by Daniel Wallace
You have arrived in Aristea.
The friendly natives of the small island republic welcome you as you step off the plane and into the sweltering midday heat. The sun is high and blinding in its brightness; it’s difficult to see anything at first. But you make them out soon enough, there, standing in a line along the edge of the tarmac: the Aristeans. They are small and the color ochre. Their native attire is an odd mixture of grass skirts and Polo shirts, and hats that once belonged to airline pilots and ocean cruiser tour guides, who came here years ago and never left. Many who come here fail to return to their points of origin – such is the magic of Aristea. It says so in the travel guide.
The welcoming ceremony, which begins immediately, is complex, bizarre and macabre. As you walk, suitcase in hand, toward the line of smiling men and women, diminutively precious, they begin to hop up and down to a syncopated beat. They clap their hands and sing a song whose lyrics are at once haunting and cheerful. Then, as if on a cue only they can hear, they disappear into the surrounding brush, all fifteen of them, and return, moments later, holding chickens – live chickens. Some have two. You had been told about this part of the ceremony, but somehow you thought your travel agent had been exaggerating. She wasn’t. If anything, she was trying to shield you from the gruesome reality of what is to follow.
They strangle the chickens with their bare hands. One by one the chickens cease their clucking, their wings stop flapping, and all is silence. The feathered corpses are held high in the air, triumphantly, for your inspection. The natives proudly display their handiwork. Some of the chicken’s heads have been taken right off. Blood drips over their fingers and wrists. You nod, smiling. What else can you do? Then the singing resumes. This ceremony continues for another fifteen minutes, there’s more dancing and singing, more hopping around, but after the chickens you don’t remember much. Your mind is in a kind of fog. You look around you, suddenly feeling lost, and you wish your wife were here to help, to guide you. You wonder what it was that made you come here, all by yourself, the first vacation you’ve taken apart from her in years.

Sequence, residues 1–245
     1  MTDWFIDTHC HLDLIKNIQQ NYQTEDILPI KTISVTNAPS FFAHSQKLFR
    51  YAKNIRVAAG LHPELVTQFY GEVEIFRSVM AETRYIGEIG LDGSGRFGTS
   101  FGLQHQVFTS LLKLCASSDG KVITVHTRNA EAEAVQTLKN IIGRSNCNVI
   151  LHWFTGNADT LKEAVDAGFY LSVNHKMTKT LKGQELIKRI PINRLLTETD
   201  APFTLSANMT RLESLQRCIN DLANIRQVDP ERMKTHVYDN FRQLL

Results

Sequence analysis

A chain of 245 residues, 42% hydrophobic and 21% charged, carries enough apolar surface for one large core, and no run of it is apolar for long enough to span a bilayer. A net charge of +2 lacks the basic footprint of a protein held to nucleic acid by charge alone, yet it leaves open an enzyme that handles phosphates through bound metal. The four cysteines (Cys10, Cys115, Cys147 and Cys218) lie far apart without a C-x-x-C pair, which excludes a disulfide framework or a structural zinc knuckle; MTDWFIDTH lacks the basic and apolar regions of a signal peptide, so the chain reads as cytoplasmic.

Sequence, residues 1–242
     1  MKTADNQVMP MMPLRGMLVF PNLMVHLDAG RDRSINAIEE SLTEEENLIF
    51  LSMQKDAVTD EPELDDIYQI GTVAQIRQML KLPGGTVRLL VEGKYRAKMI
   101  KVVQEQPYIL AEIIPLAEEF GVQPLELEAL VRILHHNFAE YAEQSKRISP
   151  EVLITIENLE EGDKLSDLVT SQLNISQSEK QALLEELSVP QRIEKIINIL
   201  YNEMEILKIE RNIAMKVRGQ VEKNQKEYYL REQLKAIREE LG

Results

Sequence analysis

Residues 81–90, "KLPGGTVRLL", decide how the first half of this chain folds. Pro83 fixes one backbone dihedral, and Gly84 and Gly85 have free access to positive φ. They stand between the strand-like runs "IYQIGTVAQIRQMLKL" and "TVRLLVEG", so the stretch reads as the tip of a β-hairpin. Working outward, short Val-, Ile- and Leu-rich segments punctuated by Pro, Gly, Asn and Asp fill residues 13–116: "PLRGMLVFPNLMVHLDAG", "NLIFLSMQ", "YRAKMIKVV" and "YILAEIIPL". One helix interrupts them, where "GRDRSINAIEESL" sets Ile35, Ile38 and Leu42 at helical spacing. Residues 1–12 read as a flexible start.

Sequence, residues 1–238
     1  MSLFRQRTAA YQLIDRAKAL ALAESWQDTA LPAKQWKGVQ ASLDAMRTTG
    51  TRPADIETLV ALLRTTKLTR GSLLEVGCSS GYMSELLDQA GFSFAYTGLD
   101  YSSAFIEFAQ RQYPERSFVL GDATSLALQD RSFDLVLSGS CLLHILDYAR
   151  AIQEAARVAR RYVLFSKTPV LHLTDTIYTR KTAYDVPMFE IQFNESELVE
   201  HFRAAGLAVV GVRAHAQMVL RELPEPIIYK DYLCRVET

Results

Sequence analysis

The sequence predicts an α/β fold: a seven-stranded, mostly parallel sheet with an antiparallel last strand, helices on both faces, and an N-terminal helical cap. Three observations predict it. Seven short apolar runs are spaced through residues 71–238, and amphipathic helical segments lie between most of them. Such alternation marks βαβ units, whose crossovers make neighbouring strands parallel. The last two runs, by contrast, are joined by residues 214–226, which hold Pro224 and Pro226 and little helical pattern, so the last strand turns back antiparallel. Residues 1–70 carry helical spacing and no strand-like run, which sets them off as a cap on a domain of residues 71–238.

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Daniel Wallace is the J. Ross MacDonald Distinguished Professor of English at the University of North Carolina in Chapel Hill, where he directs the creative writing program. He is the author of six novels, including Big Fish (Algonquin Books, 1998) and, most recently, Extraordinary Adventures (St. Martin’s Press, 2017).